I’m working on a new play about Kurt Gödel. Here’s an outline:
During the early 1940s, while most of the world’s greatest physicists and mathematicians were confined to the Los Alamos National Laboratory, racing against the Germans to create the first atom bomb, there were two notable exceptions: Kurt Gödel and Albert Einstein. Einstein was not invited due to fears about his socialist sympathies, and Gödel because he was considered mentally unstable. These two remained in Princeton, two anomalies in an age that was quickly leaving them behind. While the race to make the bomb was reaching its crescendo, Einstein and Gödel were strolling through the streets of Princeton, discussing philosophy, relativity, and God. What emerged from these discussions was so extraordinary and unexpected that the world of physics has, to this day, done everything it can to avoid confronting it.
Kurt Gödel was the greatest logician since Aristotle, and, almost as remarkable, the only person Einstein considered an equal. During his later years at The Institute For Advanced Study, Einstein declared that he only went to work at all anymore to have the pleasure of walking home with Kurt Gödel. What set these two men apart, and crystallized their friendship, was their opposition to the positivist paradigm shift that was tearing the world of science up from its foundations. Despite the vehement opposition of these two great thinkers, the belief that science cannot tell us what things are, but only how they work, today still dominates our scientific worldview.
Few people are aware that this immense paradigm shift ever took place, and fewer still have pondered what it means for us today. My goal in writing the play Gödel is to bring this extraordinary moment in science into dramatic focus, and to illustrate its meaning through the life, beliefs, and personal struggles of one extraordinary individual. Kurt Gödel refused to accept that mathematics and physics could not describe the actual world, that the beauty of mathematical entities were not real things, and that there was no such thing as God, all at a time when the rest of the scientific world (other than his friend Einstein) were dismissing such things as absurd.
Gödel opens with three physicists, Julius, John, and Richard (loosely based on Oppenheimer, Von Neumann, and Feynman) sitting around a table at The Los Alamos National Laboratory, working, drinking coffee and chatting. Richard abstractedly mentions that it’s a shame that Einstein isn’t there with them, to which Julius replies that “Einstein is completely cuckoo.” Talk about Einstein leads them to his new best friend, Kurt Gödel, who all agree is even more cuckoo than Einstein. The scene ends with the melancholic John declaring: “Well, they may be nuts, but then again, there they are, strolling about Princeton and talking about God, and here we are, locked up in Los Alamos, trying to make a bomb.” This sets the tone for the rest of the play, which will alternate between Gödel’s chats with Einstein, including his first ideas about what relativity might reveal about the reality of time, flashbacks to Gödel’s life before Princeton, including his time in Vienna during the Nazi buildup, and the progress in Los Alamos toward testing the first atom bomb.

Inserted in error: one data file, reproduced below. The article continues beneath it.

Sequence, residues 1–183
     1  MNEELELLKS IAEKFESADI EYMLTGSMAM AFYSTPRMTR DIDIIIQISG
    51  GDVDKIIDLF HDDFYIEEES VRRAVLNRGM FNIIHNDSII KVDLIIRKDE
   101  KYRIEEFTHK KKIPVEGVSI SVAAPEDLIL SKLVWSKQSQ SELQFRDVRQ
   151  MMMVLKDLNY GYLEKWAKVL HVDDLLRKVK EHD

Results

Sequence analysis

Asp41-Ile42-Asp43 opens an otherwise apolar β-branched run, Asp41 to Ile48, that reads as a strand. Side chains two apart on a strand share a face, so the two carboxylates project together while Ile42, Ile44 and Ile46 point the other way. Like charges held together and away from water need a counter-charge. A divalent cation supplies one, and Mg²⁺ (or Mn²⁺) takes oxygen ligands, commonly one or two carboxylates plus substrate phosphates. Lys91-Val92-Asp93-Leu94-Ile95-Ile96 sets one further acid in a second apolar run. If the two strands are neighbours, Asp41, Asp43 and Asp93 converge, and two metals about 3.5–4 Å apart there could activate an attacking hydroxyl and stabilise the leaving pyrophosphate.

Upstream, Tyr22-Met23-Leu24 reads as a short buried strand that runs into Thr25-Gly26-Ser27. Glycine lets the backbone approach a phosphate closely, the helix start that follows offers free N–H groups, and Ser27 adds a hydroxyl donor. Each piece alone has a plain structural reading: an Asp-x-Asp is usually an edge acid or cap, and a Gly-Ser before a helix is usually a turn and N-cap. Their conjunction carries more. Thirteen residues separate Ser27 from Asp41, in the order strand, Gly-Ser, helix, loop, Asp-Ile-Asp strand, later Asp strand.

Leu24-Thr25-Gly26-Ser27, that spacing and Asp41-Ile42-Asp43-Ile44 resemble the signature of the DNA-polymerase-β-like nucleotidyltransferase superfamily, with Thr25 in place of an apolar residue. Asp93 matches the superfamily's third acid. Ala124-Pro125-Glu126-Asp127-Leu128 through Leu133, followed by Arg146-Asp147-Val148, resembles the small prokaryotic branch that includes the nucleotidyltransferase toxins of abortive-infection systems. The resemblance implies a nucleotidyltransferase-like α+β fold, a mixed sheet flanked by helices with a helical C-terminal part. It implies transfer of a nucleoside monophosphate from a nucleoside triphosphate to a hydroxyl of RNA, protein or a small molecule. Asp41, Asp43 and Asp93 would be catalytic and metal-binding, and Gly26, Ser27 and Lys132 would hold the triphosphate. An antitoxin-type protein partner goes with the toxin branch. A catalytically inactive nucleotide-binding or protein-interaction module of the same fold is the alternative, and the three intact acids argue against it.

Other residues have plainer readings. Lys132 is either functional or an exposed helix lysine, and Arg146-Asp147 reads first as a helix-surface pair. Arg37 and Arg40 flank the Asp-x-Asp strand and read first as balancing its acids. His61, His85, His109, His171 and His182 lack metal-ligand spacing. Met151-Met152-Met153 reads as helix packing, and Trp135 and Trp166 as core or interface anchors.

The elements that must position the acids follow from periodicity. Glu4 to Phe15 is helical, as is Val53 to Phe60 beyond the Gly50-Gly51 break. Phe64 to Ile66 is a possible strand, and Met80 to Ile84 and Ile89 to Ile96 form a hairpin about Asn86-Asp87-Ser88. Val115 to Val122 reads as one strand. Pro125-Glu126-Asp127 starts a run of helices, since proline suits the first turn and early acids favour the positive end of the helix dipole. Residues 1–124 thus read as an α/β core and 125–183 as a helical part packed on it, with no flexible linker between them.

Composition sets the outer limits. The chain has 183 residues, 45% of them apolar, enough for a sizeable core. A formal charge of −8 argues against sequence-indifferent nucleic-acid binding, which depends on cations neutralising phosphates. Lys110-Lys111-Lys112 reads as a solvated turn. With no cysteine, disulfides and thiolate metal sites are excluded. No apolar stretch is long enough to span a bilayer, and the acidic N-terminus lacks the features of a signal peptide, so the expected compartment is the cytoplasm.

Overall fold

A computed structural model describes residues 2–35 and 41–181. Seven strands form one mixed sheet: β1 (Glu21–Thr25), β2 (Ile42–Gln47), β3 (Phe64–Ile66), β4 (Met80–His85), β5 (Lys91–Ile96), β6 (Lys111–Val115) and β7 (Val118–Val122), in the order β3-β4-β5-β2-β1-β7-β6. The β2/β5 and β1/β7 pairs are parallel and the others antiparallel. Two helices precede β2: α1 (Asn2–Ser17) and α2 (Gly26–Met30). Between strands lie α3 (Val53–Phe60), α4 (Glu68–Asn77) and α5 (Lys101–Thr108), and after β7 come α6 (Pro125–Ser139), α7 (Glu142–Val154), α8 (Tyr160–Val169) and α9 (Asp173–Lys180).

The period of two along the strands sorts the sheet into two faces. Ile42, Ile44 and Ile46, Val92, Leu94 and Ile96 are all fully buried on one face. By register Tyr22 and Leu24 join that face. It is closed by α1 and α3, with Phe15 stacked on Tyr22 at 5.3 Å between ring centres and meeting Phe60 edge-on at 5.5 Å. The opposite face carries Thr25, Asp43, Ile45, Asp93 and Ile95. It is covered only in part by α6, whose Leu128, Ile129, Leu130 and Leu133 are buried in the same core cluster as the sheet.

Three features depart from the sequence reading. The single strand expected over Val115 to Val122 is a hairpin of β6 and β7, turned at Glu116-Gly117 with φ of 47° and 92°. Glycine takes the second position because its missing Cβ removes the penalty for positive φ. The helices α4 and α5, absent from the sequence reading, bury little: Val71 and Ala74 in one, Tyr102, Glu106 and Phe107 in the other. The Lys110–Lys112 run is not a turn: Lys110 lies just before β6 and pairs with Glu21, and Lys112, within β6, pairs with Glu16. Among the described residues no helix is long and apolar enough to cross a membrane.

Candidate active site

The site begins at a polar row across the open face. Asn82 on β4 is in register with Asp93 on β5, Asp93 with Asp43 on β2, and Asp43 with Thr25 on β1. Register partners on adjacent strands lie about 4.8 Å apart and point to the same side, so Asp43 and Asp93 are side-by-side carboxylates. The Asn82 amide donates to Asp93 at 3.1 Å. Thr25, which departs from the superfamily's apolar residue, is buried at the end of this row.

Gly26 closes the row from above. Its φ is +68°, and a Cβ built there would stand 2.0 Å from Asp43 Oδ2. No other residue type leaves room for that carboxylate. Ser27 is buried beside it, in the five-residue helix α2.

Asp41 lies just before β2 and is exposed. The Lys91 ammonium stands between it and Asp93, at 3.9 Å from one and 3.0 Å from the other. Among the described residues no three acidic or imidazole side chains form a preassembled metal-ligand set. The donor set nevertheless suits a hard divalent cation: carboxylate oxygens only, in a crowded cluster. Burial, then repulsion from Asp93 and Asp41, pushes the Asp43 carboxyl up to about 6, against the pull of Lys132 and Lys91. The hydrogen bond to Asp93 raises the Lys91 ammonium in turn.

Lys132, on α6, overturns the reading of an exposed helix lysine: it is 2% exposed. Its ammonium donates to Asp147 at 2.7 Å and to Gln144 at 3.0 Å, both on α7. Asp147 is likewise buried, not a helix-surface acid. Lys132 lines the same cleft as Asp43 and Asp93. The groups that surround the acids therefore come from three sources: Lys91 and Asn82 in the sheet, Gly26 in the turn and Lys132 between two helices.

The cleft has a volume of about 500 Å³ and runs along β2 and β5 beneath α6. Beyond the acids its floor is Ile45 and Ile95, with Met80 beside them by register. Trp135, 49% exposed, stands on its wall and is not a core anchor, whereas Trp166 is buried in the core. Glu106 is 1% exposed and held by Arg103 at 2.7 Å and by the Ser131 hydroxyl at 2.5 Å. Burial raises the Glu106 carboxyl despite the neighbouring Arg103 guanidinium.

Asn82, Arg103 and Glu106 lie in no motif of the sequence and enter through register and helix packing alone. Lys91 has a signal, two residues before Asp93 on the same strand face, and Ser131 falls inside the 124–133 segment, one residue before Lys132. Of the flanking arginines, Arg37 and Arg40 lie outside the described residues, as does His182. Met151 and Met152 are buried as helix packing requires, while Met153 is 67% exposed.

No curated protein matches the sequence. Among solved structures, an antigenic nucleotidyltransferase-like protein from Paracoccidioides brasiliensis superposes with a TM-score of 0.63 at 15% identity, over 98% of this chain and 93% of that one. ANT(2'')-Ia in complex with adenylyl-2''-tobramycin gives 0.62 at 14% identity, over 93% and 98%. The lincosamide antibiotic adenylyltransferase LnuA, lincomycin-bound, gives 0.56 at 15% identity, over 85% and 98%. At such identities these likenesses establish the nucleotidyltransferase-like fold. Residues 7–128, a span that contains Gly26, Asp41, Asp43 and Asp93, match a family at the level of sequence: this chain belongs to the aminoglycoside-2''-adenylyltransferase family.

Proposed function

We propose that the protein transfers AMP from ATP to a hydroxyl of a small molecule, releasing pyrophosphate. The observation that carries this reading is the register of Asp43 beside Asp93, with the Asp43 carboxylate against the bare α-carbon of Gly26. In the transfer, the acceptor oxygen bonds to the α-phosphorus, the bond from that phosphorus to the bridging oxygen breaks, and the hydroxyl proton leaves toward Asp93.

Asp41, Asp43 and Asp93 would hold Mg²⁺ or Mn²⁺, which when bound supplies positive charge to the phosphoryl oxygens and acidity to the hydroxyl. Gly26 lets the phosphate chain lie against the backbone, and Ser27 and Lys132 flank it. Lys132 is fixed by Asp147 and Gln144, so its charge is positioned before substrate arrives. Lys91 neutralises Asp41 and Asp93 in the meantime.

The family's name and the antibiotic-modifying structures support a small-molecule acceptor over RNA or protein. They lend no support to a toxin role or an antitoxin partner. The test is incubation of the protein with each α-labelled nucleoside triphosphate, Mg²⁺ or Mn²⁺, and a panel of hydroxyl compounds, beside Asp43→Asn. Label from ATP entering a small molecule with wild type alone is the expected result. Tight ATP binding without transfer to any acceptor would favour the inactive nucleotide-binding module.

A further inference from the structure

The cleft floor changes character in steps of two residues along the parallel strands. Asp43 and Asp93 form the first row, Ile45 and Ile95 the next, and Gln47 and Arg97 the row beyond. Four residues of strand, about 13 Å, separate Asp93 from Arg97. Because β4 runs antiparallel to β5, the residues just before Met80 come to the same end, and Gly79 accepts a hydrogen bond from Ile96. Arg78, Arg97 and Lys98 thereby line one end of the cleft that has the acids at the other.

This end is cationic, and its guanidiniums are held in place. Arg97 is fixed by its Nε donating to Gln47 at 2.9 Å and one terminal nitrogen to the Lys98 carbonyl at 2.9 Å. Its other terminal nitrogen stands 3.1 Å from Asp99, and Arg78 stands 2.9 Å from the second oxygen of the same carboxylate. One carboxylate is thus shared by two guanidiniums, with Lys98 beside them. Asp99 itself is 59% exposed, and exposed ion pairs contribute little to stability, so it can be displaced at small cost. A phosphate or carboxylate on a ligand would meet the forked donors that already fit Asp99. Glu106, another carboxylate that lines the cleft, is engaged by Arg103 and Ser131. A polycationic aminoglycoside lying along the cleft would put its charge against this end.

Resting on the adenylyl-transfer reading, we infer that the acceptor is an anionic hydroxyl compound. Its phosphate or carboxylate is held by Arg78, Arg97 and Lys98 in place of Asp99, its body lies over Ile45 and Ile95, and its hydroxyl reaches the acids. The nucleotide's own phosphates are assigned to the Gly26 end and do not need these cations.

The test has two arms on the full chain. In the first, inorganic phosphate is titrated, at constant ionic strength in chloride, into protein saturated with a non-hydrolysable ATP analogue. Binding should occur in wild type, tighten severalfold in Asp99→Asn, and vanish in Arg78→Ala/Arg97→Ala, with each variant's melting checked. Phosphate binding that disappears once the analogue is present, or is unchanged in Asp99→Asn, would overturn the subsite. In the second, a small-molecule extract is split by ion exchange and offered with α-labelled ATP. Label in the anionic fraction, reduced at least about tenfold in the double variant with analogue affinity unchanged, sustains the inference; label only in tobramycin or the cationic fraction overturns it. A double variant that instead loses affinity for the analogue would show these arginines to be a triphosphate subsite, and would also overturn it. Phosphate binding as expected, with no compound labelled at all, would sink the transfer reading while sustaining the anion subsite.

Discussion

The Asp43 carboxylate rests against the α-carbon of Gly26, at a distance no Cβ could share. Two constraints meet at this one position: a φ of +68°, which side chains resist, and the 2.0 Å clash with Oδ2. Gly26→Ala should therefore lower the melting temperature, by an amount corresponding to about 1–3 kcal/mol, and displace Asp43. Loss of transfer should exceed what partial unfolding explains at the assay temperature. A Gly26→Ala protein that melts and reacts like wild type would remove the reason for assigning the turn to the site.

As Gödel faces overwhelming resistance to his ideas, we watch his mental and physical health deteriorate. A condition that had its beginnings while he worked on his first great idea, The Incompleteness Theorems, degenerates into a full-blown eating disorder, accompanied by increasing paranoia and hypochondria. But he finishes his work on relativity in time for Einstein’s seventieth birthday, and what he reveals shocks even his friend: Gödel had mathematically proven that if the principals of relativity hold, then time does not exist. Einstein declares that Gödel “has managed to kill time in six pages.” Everyone else, however, refuses to accept his conclusions, and Gödel, unable to stand up to the blatant and sometimes even viscous rejection of his ideas, retreats farther and farther into his own private world of suffering and doubt. Einstein’s death only worsens his sense of alienation, and Gödel begins having hallucinations, hearing voices, and finally appeals to a friend to help him end his life.
Weighing only sixty-five pounds, Kurt Gödel, the man who had so eloquently and passionately defended the reality of ideas, who had penned a logical proof for the existence of God, and who had managed to make time disappear, himself disappeared. He died almost entirely ostracized by the academic world in which he lived, and utterly unknown outside of it. And yet, to this day, no one has been able to prove Kurt Gödel wrong. To illustrate, a figure as great as Stephen Hawking actually resorted to attempting to pass off an ad hoc law of the universe in an unsuccessful effort to avoid Gödel’s conclusions about relativity.
I first encountered Kurt Gödel while reading William Barrett’s Irrational Man. Reading about his accomplishments it seemed absurd that I had never heard of him. I felt I needed to know more, which led me to Palle Yourgrau’s A Wold Without Time, and later to John W. Dawson’s Logical Dilemmas and Hao Wang’s Reflections on Kurt Gödel. While reading these works I realized that Kurt Gödel was in a sense the last great Platonist, at a time when the Platonic ideal, which had formed the basis for Western science for two thousand years, was being overthrown. Kurt Gödel was essentially caught in the middle of one of the most dramatic moments in the history of science. He came out on the losing end. But his voice may yet be heard. It is to this end that I decided to write the play Gödel. If we are able to fathom what his life and work truly meant, our understanding of science, time, and reality might never be the same.